Kutik’s Wieniawski comes of age
WHEN you stumble up to the piano you want to play at the age of two, your future is not really in doubt! This is what Yevgeny Kutik, in town to play the Wieniawski Concerto no 2 in D minor with the CPO on November 24, has been assured by his parents.
“My violinist mother was my first teacher, and my father was a trumpeter in the Belarusian State Symphony, and my first lesson was when I was 5.”
With huge rampant anti-Semitism in the Soviet Union, the family decided to leave, and after some months near Rome, Italy, they settled in the United States in 1990.
Kutik grew up outside of Boston, where he now lives.
“It was hard for musicians to make a living to support a young family and my father went into computer work. My mother became a violin teacher/orchestra conductor in the public school system, and both remain my constant support.
“I grew up surrounded by music from infancy. I have loved music always. Music has such extraordinary power to communicate; it goes so far beyond words. I am actually addicted to it!”
Although he studied in America, he is schooled in the Russian string traditions.
“I worked with my mom for those formative four or five years and she was trained in the Russian school. My next teacher was Zinaida Gilels, the niece of Emil, and who used to teach at the Moscow Conservatoire.
The three years I spent with her in Boston were hard years, but she taught me much about the grand Russian tradition of violin playing--proper technique, sound production and interpretation--all in the service of music.”
He also studied with Roman Totenberg for the last eight years of this 101-year-old legend’s life. He died in 2012.
He came from a long line of great violin playing in Poland, where Wieniawski was and is an iconic figure, so in a way Kutik has come full circle.
He was also influences by several great American teachers but his style is his own.
“I always strive to continue improving my personal voice and style,” he says.
He is praised for his “dark-hued tone and razor-sharp technique” (The New York Times), and for the “old-world sound that communicates a modern intellect” along with technical precision and virtuosity, and poetic and imaginative interpretations and “rhapsodic style”.
Kutik is not a fan of music competitions.
“Having won a couple like the Boston Symphony Young Artists’ competition with the prize of a concert with the Boston Pops, I decided about six years ago that I had had enough. I don’t want to be a competitor and I don’t want to be on a jury. I was very naïve in the beginning, and didn’t realize that many of my fellow competitors had taken lessons with several of the jurors. Not doing that made me a sort of outsider.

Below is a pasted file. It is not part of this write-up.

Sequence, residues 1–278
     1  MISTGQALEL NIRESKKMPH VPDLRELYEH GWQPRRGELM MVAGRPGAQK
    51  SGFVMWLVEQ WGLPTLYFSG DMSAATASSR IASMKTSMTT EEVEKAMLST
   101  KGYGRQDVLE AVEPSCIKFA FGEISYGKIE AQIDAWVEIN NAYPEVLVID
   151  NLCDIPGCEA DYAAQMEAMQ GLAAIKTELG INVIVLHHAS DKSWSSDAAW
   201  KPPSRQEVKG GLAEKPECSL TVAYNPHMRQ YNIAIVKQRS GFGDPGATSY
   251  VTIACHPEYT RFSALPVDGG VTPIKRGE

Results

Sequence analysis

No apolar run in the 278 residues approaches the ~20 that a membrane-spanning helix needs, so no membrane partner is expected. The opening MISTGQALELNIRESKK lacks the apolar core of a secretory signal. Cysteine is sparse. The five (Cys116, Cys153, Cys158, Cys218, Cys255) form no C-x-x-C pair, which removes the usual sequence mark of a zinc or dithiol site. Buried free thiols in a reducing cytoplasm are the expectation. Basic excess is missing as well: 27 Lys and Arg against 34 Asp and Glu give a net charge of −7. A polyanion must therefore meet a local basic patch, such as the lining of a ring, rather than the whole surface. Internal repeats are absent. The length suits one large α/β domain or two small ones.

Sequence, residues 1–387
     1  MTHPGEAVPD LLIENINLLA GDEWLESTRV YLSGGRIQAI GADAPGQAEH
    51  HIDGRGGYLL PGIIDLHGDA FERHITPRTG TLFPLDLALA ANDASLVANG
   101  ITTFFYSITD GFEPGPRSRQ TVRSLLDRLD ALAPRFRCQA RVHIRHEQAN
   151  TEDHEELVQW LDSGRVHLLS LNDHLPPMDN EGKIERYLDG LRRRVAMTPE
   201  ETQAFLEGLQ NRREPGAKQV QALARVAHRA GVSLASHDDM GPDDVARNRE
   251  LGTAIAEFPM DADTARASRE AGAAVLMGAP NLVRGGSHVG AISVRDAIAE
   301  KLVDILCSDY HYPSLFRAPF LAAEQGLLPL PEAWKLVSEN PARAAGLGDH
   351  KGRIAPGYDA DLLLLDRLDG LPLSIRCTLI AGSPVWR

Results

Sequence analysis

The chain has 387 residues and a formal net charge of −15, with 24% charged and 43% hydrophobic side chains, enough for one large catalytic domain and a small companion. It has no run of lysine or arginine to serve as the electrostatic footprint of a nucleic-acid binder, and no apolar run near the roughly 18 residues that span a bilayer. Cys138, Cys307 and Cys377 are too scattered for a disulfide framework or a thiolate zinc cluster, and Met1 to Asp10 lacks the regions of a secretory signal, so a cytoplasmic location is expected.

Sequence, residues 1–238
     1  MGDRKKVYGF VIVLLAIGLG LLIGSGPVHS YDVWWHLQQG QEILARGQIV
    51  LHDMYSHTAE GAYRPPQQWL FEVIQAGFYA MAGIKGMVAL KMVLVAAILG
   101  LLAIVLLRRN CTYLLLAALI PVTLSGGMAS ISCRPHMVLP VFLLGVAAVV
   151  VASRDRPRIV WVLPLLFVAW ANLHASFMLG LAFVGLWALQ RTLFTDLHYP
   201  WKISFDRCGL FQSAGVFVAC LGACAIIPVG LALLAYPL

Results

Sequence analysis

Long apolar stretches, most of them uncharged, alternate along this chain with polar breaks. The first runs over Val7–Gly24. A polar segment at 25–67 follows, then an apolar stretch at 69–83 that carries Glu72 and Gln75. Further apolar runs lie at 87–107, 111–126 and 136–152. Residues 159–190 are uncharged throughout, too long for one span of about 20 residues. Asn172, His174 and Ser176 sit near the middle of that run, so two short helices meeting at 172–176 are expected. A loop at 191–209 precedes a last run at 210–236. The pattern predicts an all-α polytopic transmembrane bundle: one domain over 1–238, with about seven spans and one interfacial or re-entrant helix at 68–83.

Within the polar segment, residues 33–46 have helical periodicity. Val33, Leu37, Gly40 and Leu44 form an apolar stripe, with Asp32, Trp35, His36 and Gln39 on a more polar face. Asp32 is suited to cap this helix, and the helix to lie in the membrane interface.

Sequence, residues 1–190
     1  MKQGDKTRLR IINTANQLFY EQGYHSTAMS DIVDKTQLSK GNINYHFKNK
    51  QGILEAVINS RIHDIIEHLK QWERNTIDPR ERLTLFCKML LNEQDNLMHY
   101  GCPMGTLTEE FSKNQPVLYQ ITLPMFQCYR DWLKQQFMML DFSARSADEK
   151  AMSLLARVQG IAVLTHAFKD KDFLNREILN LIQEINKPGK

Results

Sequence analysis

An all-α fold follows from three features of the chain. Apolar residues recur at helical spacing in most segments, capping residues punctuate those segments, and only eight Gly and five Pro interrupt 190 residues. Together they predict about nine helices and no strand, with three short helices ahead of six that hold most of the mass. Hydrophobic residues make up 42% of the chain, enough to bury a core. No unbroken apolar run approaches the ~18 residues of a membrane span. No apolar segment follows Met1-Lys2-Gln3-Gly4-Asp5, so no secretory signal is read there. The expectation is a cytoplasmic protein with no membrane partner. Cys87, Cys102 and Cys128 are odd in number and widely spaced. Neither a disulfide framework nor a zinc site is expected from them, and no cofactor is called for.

“Competitions are not like horse races; they are not quantifiable. How can one judge emotions of unspeakable proportions? Every juror will feel something different about each competitor so how can you say who is the best? Who is to say what is right and what is wrong? You are creating a breed of players, for winning means there has to be clinical perfection and adherence to a strict conservative interpretation and this results in a style of playing that doesn’t appeal to me at all. Being a musician is hard; it is all-consuming and I think there has to be a better approach.
Kutik is a fan of the Jewish Federations of North America.
“When we came to the US, they did so much for us. They helped my family and many others, Jewish and non-Jewish, to rebuild our lives.
“They helped us start again. I just love the way they are committed to helping anyone in need. Where I can, I speak to and play for their communities across the country because we are a living story of the good that can happen when communities come together. Lots of people need help. When we want to, the human race is capable of amazing actions.”
Kutik has released two solo CDs --- his 2012 debut album, Sounds of Defiance, features the music of Achron, Pärt, Schnittke, and Shostakovich. Funded in large part by a Kickstarter campaign initiated by Kutik, the album focuses on music written during the darkest periods of the lives of these composers.
His 2014 album, Music from the Suitcase: A Collection of Russian Miniatures, features music he found in his family’s suitcase after immigrating to the United States from the Soviet Union.
It features music of Eshpai, Prokofiev, Tchaikovsky, Shostakovich, Stravinsky, and more.
Yevgeny’s third album, Words Fail, comes out this October and was inspired by Hans Christian Andersen’s adage, “where words fail, music speaks,” best encapsulated by Mendelssohn’s iconic Songs ithout Words. In this album, Kutik uses Mendelssohn’s songs as a starting point to expand upon the idea that music surpasses traditional language in its expressive capabilities through works by Mahler, Prokofiev, Messiaen and others, plus two works he commissioned for the album by composers Timo Andres and Michael Gandolfi.
He arrives in Cape Town direct from a concert in Missouri, goes into rehearsal and 24 hours after the concert is over he will be at the airport going back to America. His fiancée will be with him, and hopefully the next time they will have time for a holiday here.
On the programme are the mighty Alexander Nevsky Oratorio with Violina Anguelov (mezzo) as soloist, and the Philharmonia Choir of Cape Town. The first work will be the London Symphony by Haydn. Daniel Boico will be on the podium.
The concert takes place at the Cape Town City Hall on November 24 at 8pm.
Tickets: Computicket 0861 915 8000, www.computicket.com, Artscape Dial-a-Seat 021 421 7695. Iinfo: cpo.org.za, 021 410 9809.
BEYOND WORDS: He was also influenced by several great American teachers, but his style is his own.